Time: 15 minutes
1 cucumber (of any variety), peeled and cut into chunks
1 lemon grass sprig
Juice of 1 lemon
1/2 cup sugar
1/2 litre water
Lots of ice
Put all the ingredients in a blender and mix well. Strain the pulp. Put the ice in a glass, pour the juice and serve chilled.
The Japanese use cucumber in a lot of dishes—from sushi rolls to pickles and salads. Kiyuri Namasu is a Japanese cucumber salad that has a robust pickled kick to it. This is a milder version that works well as a cooling side course. It goes well with Asian food or spicy dishes.
Time: 10 minutes for preparation and 30 minutes for chilling
2 medium cucumbers, thinly sliced
1 orange, peeled and skinned
4 tbsp rice wine vinegar
1 tbsp sugar
1/2 tbsp salt
2 tbsp black sesame (‘til’) seeds, toasted
2 tbsp fresh dill, chopped
Slice the cucumbers with a cheese slicer and place in a bowl with the orange segments. Mix the vinegar, sugar, salt, sesame seeds and dill thoroughly and add this dressing to the cucumber and orange mixture. Leave to chill for half an hour in the refrigerator before serving.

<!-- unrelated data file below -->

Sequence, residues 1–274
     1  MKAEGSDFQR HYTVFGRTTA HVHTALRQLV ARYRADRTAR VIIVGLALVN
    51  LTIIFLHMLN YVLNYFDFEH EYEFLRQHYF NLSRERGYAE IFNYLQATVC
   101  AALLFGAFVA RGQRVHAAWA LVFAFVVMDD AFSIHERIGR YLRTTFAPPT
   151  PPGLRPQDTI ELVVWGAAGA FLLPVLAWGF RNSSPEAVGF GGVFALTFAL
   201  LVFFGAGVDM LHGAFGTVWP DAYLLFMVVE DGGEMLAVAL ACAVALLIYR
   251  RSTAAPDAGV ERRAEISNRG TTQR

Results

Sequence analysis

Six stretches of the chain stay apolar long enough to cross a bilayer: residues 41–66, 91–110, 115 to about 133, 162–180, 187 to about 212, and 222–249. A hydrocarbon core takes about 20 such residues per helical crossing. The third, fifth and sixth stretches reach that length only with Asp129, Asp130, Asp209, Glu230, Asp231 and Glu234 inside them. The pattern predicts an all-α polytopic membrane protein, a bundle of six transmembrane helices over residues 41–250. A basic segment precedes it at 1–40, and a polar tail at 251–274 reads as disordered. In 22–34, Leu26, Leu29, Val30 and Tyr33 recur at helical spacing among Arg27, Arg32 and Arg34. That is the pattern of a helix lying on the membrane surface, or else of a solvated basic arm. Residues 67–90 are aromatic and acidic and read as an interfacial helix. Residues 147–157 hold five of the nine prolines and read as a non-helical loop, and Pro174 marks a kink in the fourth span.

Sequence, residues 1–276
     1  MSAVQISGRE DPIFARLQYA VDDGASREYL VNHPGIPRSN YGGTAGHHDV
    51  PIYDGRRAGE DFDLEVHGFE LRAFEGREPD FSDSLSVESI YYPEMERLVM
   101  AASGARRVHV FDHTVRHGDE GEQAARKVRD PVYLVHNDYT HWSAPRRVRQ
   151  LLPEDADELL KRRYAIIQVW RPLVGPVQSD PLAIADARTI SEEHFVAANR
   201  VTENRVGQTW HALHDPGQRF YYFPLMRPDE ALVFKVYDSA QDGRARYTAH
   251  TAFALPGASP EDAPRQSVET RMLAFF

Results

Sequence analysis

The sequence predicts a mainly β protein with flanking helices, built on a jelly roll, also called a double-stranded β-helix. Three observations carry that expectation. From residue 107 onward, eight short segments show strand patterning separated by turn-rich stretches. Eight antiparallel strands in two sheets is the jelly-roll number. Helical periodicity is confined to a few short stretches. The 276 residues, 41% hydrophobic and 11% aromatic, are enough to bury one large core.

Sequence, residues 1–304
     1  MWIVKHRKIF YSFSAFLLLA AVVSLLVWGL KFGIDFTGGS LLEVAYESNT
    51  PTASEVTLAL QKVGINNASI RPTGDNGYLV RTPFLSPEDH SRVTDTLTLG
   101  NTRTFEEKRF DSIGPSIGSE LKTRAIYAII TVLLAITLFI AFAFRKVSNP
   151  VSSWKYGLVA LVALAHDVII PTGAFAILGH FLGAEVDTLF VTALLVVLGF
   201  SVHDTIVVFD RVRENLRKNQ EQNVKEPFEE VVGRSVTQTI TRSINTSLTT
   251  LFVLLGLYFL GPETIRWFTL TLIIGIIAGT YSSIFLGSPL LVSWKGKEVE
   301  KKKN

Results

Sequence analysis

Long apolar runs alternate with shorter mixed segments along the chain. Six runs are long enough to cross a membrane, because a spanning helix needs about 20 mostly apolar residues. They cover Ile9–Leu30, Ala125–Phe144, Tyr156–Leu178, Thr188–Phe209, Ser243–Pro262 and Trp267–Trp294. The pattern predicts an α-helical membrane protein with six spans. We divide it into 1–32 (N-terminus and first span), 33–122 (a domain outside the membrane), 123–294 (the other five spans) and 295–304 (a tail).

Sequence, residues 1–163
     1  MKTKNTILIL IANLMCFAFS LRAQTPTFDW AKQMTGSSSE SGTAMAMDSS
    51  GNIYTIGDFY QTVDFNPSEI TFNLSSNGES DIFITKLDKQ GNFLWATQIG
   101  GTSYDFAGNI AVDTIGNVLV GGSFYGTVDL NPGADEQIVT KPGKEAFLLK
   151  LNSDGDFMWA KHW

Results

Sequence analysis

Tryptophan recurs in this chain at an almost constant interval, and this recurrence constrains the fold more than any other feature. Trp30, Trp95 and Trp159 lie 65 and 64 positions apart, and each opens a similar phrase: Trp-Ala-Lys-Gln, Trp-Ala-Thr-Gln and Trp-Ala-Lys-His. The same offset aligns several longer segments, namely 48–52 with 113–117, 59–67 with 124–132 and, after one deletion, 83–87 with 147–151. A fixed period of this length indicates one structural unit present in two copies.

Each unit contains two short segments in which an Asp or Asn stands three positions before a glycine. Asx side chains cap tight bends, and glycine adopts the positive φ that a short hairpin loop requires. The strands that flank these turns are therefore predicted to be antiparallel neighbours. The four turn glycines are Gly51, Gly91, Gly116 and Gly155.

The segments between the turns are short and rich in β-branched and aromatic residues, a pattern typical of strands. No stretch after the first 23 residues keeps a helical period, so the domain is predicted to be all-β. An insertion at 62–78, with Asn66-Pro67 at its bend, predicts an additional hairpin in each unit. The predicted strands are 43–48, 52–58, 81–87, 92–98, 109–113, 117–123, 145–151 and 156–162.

The concept of cold soup is still unfamiliar to some. A popular Turkish gazpacho soup is Cacik. Its ingredients are very similar to the delicious Greek yogurt dip called tzatziki. This soup can be had at any time of the day as a nourishing snack.
Time: 15 minutes
1 cup yogurt
4 cloves garlic, ground
1 tsp dried mint powder
1 tbsp extra virgin olive oil
1 tsp sugar
1 tbsp white wine vinegar
Salt and pepper to taste
Blend all the ingredients together. Cover and refrigerate for about an hour. Served chilled.
Cucumber and fish gratin
Gratin is a French culinary technique of baking that can be applied to all kinds of dishes. It entails topping the surface of a dish with breadcrumbs and/or cheese and browning it to a crusty texture. Baking cucumber changes its texture and flavour quite drastically.
Time: 25 minutes for preparation and 30 minutes for cooking
2 cucumbers, sliced
250g mozzarella cheese, sliced
2 tbsp mozzarella cheese, grated
1/4 cup breadcrumbs
Salt and black pepper to taste
2 tbsp chives, chopped
1 tbsp lemon zest, grated
1 tbsp mustard seeds
3 tbsp butter, melted
300g basa (or any boneless fish of your choice)
Make a dressing of the melted butter, lemon zest, chives, mustard, salt and pepper by beating the ingredients together. Marinate the fish and cucumber in this dressing for 15 minutes. Gently crumble in the grated mozzarella into the breadcrumbs with the tips of your fingers and leave aside. Take a shallow baking dish and butter the base well. Put a layer of cucumber at the base, then add a layer of fish, make the next layer with mozzarella, a fourth layer with the remaining cucumber, and finally top it up with the breadcrumb mixture.
Place in a preheated oven at 180 degrees Celsius for 30 minutes. Leave on cooling rack for 5 minutes before serving. This goes well with bread as the cucumber releases a good amount of water.